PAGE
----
Romania’s Parliament to hold final vote on Rosia Montana bill by November

Newsroom 18/09/2013 | 12:55

The Parliament approved on Tuesday the set-up of a special commission tasked with debating the mining draft bill on the development of Europe’s biggest open pit in Rosia Montana by RMGC miner.

Cristian Dumitrescu, vice-president of the Senate (the higher house of Parliament), said a joint commission of the Chamber of Deputies and the Senate will analyze the bill, outlining a timeline for the vote.

MPs will be able to submit amendments to the bill by October 1 and the special commission is set to come up with a report by October 20.

The amended bill will be debated in Senate starting October 21. A final decision should be made “around November 1”, when the bill gets in the Chamber of Deputies (the lower house in Parliament) for the final vote.

Members of the special commission will go on a two-day visit in Rosia Montana next Tuesday to meet the miners, NGOs, and representatives of local authorities and companies. Upon their return, the MPs will speak to protesters in the Universitatii Square, according to Darius Valcov, who chairs the commission.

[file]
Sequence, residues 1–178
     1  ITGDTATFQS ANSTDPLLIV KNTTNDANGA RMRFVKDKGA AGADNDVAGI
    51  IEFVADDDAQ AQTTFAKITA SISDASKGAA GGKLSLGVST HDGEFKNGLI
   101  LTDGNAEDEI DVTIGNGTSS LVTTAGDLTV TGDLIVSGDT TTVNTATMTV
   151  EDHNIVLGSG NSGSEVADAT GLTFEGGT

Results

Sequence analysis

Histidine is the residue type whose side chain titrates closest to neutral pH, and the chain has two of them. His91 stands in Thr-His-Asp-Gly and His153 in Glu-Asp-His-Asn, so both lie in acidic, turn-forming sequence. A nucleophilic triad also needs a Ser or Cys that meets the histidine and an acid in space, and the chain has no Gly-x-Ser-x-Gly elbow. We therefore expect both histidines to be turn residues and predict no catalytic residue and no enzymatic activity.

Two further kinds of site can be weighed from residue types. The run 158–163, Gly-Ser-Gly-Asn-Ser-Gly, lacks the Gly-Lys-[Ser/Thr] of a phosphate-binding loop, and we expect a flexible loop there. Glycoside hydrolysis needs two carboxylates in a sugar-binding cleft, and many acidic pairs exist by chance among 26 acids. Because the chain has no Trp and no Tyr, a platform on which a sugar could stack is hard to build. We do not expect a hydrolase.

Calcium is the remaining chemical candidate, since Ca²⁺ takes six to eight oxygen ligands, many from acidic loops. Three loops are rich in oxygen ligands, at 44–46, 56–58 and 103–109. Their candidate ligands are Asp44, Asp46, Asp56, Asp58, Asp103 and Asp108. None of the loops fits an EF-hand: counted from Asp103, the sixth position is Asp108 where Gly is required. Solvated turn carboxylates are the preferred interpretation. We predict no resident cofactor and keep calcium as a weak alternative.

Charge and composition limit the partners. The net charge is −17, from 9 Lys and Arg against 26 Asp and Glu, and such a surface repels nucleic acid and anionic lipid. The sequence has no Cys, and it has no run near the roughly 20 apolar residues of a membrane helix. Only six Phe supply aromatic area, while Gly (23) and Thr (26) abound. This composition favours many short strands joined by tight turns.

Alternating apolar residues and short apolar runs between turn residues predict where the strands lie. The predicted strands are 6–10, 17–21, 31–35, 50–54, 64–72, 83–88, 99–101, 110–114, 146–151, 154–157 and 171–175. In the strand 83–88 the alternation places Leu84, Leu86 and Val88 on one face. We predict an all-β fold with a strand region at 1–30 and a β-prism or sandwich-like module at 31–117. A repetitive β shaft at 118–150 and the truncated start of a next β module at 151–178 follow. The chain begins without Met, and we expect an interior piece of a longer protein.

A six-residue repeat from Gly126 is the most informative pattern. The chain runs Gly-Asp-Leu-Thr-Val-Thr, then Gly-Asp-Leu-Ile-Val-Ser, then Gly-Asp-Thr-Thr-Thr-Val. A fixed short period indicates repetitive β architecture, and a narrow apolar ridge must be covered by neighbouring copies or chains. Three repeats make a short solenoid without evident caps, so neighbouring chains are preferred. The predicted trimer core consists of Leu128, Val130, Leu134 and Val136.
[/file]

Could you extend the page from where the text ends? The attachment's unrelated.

Valcov, who is a senator, is a member of the left wing PSD party. The MP is president of the public administration, territorial organization and environmental protection commission.

The controversial gold and mine project at Rosia Montana is scrutinized by Europe’s top brass. As people in Romania and abroad took to the streets in growing numbers, Janez Potočnik, the EU commissioner for environment, got into touch last week with Romania’s environment minister Rovana Plumb to discuss the project.

“For now no permits have been issued, the environmental impact assessment hasn’t been concluded, so the European Commission (EC) can’t make any move,” said on Wednesday an EC spokesperson, quoted by Agerpres newswire.

The PM recently said Romania’s Ministry of Environment will make a decision following the vote in Parliament.

“The environment permit, according to European and Romanian law, should have been given in the last 15 years. Anytime,” said the PM, quoted by Mediafax newswire.

Ovidiu Posirca

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